Thursday, February 2, 2017

The Wilson-Pakula Act of 1947

Vito Marcantonio said the new law had everything but his picture on it.

That's because legislative text has no pictures, otherwise it might have, with a target superimposed over Marc's face. 

But the bill had names affixed to it and they were the names of Marcantonio's enemies.

Among them were Republicans gone apoplectic at the prospect of the leftist radical winning their own primary along with those of the Democratic and American Labor (ALP) party contests.

In 1942, Marcantonio got up the nose of Tom Curran, leader of the New York County Republican Party. Curran said his outfit “had no room for communists” and posted one Charles Mucciolo against Marc.

Mucciolo, and Curran, got their hats handed to them in the process, 2,784 to 291.

That same year, the Democrats nominated Franky Ricca as candidate in the 20th Congressional District, maybe a sacrificial lamb given Tammany's willingness to cut a deal with Marc's ALP over who was to be balloted and for what job. Marcantonio beat Ricca 5,247 to 2,529.

The ALP primary was, of course, Marc's for the taking.

A “New York Times” editorial noted that Marcantonio could not be a communist, as frequently charged, because communism is a one party system whereas the East Harlemite, “can run on three party tickets, and very likely a lot more if there were any.”

Mssrs. Wilson and Pakula
In 1944, Marc repeated the trick in spite of the fact his district had been redrawn to include a constituency less tailored to his progressive brand.

Nonetheless, he defeated Martin Kennedy on the Democratic line 10,311 to 7,761. He bested Republican Robert Palmer by less than 200 votes, but the result was the same.

Alan Shaffer, in his book “Vito Marcantonio: Radical in Congress,” dubbed him the “all-party candidate” and dedicated a chapter to the phenomenon.

It was not a situation to everyone's liking.

During her testimony before a congressional committee investigating election conditions in East Harlem following Marc's 1946 victory, Republican activist Beatrice Brown testified, “Two years ago he ran on all three tickets and won all three, and that is enough to get any American upset, to have anybody go in on all three. That is the first time it ever happened [it wasn't]. The Republicans were so sure that he could win that they didn't work very hard. I carried my district seven-to-one against him, but a lot of them didn't.”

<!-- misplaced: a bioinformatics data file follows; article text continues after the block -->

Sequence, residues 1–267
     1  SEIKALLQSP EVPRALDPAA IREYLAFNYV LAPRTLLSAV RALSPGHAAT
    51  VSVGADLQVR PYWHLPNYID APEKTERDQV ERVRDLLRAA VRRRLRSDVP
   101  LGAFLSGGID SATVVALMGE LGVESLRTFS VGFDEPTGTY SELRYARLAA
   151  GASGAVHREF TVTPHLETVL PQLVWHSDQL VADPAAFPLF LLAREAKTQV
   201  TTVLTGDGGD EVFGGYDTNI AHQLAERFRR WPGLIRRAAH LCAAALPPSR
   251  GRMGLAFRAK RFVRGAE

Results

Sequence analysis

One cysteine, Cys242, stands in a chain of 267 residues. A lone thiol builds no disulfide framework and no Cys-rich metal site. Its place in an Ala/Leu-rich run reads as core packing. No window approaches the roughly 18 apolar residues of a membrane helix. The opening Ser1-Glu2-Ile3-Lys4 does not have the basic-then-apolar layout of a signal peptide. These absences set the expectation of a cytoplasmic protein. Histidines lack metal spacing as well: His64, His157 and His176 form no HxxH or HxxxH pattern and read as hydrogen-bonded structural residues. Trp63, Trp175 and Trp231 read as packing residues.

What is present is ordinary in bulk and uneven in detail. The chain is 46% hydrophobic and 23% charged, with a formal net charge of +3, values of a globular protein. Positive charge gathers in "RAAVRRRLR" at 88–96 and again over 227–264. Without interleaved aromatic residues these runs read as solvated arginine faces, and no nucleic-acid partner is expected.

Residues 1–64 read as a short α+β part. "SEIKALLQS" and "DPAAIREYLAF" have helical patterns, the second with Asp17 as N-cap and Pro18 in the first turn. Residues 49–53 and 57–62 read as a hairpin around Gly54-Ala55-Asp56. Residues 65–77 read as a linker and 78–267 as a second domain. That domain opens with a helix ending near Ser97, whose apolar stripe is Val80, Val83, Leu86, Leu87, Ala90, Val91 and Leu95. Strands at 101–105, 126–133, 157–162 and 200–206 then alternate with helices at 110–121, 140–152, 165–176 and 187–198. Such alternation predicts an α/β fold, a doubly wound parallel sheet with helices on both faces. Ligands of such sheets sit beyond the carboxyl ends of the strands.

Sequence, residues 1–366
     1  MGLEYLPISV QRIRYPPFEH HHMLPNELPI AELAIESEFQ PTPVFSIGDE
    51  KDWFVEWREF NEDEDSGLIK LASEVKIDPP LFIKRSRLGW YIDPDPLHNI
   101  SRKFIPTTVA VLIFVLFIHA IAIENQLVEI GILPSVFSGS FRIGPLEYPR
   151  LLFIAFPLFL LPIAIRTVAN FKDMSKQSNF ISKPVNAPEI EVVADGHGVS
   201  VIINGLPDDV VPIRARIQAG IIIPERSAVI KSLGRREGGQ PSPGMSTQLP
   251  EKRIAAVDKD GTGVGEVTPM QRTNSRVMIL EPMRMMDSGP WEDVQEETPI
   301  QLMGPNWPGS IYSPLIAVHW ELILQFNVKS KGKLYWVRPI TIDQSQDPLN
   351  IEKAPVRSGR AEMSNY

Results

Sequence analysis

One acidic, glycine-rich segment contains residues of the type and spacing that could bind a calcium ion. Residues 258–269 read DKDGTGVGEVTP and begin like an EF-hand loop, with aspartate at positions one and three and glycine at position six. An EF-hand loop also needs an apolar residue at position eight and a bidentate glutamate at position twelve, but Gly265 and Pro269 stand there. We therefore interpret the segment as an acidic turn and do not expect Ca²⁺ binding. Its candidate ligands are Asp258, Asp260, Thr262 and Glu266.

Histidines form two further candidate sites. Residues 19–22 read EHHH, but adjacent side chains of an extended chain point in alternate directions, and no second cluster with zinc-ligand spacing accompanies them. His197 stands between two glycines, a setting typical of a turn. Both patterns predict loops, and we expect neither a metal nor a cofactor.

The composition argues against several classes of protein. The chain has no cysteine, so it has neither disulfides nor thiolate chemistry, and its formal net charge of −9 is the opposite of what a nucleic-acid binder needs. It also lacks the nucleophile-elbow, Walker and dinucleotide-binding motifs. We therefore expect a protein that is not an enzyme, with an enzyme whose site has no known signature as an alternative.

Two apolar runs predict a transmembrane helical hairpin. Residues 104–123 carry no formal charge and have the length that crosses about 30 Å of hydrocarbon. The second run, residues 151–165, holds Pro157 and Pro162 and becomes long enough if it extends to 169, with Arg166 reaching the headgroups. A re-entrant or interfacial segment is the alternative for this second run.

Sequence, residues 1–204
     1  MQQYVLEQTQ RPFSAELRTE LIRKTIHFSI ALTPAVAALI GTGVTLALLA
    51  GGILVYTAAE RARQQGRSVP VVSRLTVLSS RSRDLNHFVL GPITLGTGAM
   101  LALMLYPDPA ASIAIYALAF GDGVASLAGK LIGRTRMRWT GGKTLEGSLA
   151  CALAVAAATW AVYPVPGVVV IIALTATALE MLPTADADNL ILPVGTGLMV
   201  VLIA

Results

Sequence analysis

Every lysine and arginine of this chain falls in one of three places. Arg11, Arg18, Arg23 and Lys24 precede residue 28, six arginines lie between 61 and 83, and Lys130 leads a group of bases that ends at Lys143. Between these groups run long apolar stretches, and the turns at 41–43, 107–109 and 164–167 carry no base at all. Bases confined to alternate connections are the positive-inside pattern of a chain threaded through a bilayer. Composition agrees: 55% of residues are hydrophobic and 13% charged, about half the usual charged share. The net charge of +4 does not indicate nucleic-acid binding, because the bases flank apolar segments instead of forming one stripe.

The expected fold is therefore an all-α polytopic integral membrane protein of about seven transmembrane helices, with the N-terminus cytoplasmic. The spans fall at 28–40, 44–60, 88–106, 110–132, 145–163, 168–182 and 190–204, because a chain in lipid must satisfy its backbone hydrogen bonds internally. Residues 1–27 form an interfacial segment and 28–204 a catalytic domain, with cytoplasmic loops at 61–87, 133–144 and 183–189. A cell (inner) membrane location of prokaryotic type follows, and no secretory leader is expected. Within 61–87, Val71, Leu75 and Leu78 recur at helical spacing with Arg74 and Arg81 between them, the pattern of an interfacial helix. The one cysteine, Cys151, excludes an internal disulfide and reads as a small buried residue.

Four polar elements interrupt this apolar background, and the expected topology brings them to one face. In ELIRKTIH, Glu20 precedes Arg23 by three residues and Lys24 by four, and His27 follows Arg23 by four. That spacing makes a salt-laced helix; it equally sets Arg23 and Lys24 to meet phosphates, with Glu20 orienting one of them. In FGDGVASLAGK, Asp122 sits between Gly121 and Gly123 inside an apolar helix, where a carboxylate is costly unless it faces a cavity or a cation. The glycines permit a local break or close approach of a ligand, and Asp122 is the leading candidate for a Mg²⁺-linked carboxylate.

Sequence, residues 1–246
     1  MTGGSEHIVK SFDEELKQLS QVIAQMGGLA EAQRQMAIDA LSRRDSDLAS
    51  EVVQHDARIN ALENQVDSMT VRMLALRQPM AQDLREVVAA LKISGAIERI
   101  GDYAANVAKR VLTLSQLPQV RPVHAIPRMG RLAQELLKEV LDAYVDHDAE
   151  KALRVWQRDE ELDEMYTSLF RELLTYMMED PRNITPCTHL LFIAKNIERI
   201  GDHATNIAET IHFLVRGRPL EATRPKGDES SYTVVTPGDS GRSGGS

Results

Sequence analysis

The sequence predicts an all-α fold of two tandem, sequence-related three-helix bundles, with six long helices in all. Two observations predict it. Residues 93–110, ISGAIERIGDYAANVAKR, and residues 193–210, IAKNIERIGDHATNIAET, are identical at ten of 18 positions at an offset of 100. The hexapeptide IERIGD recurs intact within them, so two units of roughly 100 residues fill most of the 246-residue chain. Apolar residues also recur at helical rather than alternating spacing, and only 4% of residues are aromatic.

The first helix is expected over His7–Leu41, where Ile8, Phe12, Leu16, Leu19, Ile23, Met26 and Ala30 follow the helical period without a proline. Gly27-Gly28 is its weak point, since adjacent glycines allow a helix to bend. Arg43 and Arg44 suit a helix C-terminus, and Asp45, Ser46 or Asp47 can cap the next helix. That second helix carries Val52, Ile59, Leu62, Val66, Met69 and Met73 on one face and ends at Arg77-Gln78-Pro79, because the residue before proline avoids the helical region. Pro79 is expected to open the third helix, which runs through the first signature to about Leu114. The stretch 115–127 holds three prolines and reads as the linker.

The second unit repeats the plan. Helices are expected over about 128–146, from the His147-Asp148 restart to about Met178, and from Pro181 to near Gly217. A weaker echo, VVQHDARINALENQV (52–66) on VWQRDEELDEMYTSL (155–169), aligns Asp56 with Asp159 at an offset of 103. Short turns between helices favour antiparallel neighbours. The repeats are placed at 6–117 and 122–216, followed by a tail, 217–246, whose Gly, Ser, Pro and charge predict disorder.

The forces of reaction found their antidote in the Wilson-Pakula Act of 1947, which was signed by Gov. Tom Dewey (R). Republican Senator Irwin Pakula and GOP Assemblyman Malcom Wilson were the measure's sponsors.

Wilson would one day govern the state for a short time, when Nelson Rockefeller assumed the vice presidency, but fail in his bid to reclaim the job electorally. “The Times” called the law “Senator Pakula's most enduring legacy.”

But we digress.

In an in an April 2, 2013 post, “New York Times” blogger Sam Roberts broke the normal silence associated with Marc's name, noting that, “The legislation was largely aimed at the left-wing parties and their crossover candidates, particularly Vito Marcantonio, who was elected to the House of Representatives from East Harlem as a Republican in 1934, was defeated by a Democrat two years later, but returned to Congress in 1938 after winning on the ballot of the American Labor Party, a left wing party that was linked to the communists. He also ran on the Republican line, but after he won, Marcantonio identified in the House with the American Labor Party.”

In a March 11, 1947 article headlined “Assembly Adopts Marcantonio Curb,” “The Times,” said the bill was intended to “make it more difficult for Representatives Marcantonio and Adam Clayton Powell to enter the primaries of more than one recognized party.”

In “Vito Marcantonio:Radical Politician,” professor Gerald Meyer noted that a secondary provision required candidates accepting second-party help to do so in writing, which is to say, in public.

This, Meyer wrote, “undermined the potential deals between the ALP and the major parties because the recipients of the ALP's endorsements would have to go before the electorate having openly accepted the endorsement of what was increasingly considered a 'communist-dominated' party.”

If you haven't guessed by now, the Red Scare was in full blossom, making the passage of restrictive legislation like Wilson-Pakula an easy rout of its progressive opponents.

The ALP challenged the measure on grounds it targeted Marcantonio, limited voters' rights and enhanced the power of political bosses. A New York Court of Appeals disagreed.

In the end, the law had the impact the ALP said it would. The “fusion” electoral process peculiar to New York State placed party bosses in a position to extract what they could from “outside” candidates wanting to run on the their ticket.

In 2013, Gov. Andrew Cuomo (D) introduced a package of reform bills that included repeal of the act, but it did not prosper.

The law reared its uglyhead again in the presidential election of 2016, when the possibility of keeping independent socialist Sen. Bernie Sanders (I) off the ballot in the New York State primary became a campaign issue.

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